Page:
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Kauko

posted September 14, 2009 at 2:51 pm


“But my question is this: aren’t the Video Music Awards one big ego-festival? Isn’t MTV one big celebration of over-the-top me-ness? Weren’t Kanye’s actions in line with the true unspoken spirit of the night? Or do you not care at all?”
I often think the same thing about American culture in general. I wonder if this isn’t the most solipsistic cuture on earth. Me, me, me its all about me….. of course, in my case, it really is all about me :)



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Anan E. Maus

posted September 14, 2009 at 6:47 pm


It seemed to me to be a pretty clear, straight-up protest of bubble-gum music vs. quality music. I don’t know enough about either Beyonce or the blond country gal to know if it is a valid criticism…
but all the bubble gum music by models-turned-into-singers is certainly a valid subject for debate.
and yeah, she is very very very very very very white. and I don’t mean that in a good way. Maybe it was also a protest about racism in music. Which, I am sure, there is plenty of…
Not too long ago I saw “Master Class” – about Maria Callas. Featured in the play were about 4 or 5 young singers, all trained opera singers, that I had never heard of…and I imagine very few others had heard of. Each of these singers was so massively talented…it just makes the entire pop world look like a bunch of insane seals squealing.
There is real musical talent in the country. And it is rarely represented in the pop realm. So, criticism of that? Sure…it is a very, very, very valid thing. And I don’t mean classical vs. pop…I mean no talent or little talent with a model’s face vs. actual musical quality, creativity and expression.
I think there is some massive talent out there in the pop world, in the hip hop world and in country too…just that we get presented with the bubblegum that the various companies are trying to shove down our throats.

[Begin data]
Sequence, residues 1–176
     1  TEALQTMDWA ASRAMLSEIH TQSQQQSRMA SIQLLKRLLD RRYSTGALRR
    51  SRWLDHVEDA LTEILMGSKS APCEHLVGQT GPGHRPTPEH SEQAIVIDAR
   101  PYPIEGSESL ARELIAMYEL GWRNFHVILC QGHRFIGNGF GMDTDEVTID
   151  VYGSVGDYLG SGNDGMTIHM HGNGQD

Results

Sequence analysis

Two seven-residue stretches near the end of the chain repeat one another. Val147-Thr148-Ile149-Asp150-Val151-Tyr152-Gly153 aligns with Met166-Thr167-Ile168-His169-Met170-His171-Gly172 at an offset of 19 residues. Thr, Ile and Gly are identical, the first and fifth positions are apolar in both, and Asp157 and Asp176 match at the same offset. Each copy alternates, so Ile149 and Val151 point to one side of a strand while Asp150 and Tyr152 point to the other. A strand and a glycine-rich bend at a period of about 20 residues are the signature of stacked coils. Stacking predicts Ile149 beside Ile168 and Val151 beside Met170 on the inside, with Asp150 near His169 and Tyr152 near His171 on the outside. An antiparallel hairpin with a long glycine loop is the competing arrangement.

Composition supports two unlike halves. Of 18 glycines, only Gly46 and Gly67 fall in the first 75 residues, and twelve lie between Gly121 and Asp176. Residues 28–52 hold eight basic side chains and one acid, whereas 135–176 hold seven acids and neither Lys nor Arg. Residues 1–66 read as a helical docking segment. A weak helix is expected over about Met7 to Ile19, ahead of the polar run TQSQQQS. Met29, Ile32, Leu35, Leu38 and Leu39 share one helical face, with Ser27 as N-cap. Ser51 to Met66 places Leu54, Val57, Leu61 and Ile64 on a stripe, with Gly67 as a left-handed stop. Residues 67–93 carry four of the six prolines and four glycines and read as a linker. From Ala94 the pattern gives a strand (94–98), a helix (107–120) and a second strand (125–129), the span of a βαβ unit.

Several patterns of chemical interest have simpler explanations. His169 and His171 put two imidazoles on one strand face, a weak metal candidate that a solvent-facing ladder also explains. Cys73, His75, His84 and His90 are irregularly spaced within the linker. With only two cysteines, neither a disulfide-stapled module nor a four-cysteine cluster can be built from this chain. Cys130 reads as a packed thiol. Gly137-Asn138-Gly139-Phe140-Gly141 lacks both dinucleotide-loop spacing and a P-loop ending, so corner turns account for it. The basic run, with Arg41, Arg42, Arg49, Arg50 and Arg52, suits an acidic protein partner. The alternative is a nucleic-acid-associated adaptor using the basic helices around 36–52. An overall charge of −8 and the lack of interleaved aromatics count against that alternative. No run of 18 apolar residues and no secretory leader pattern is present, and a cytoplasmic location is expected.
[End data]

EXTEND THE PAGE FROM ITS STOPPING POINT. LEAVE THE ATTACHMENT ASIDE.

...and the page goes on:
and speaking of some quality…
David Zasloff plays the Japanese Shakuhachi Flute
http://www.youtube.com/watch?v=y1vW24fFeDM



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Steve

posted September 15, 2009 at 5:34 am


Yet again, another post having nothing to do with Buddhism and everything to do with judging secular beings in secular matters that have nothing to do with Buddhism. Quit judging people. There are enough religions that do that. This is a lesson to learn, not to ridicule.



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Ethan

posted September 15, 2009 at 7:26 am


“secular beings in secular matters that have nothing to do with Buddhism.”
@Steve: This blog is all about secular beings (us), secular matters (life) and their relationship to Buddhism (living life in an awakened, interdependent, and compassionate manner).
So we deal with culture, politics, art, media AND Buddhist practice here.
Thanks for reading!



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Matt Jones

posted September 15, 2009 at 7:41 am


Why isn’t anyone talking about how dope Lady Ga Ga’s performance was?! FAKE BLOOD!!!



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darlene

posted September 15, 2009 at 10:32 am


As a black female in the music business I was very emabarrassed for Kaye, Taylor and Beyonce. I watched his apology on Leno last night and i think he was sincere. He needs time off to heal and grow up! I dont know Taylors music and I dont like Kanyes or beyonce music….but it was clear that the people voted…and the people have spoken. Kanyes needs a big ego check, perhaps ome buddist humbling!



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Jen W.

posted September 15, 2009 at 11:02 am


Kanye is in his struggle. When we choose to judge him, we are in our own struggle.



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Ethan

posted September 15, 2009 at 11:08 am


@Jen W. Very True. But do we want someone who is that “in his struggle” to have access to a mic whenever he wants it?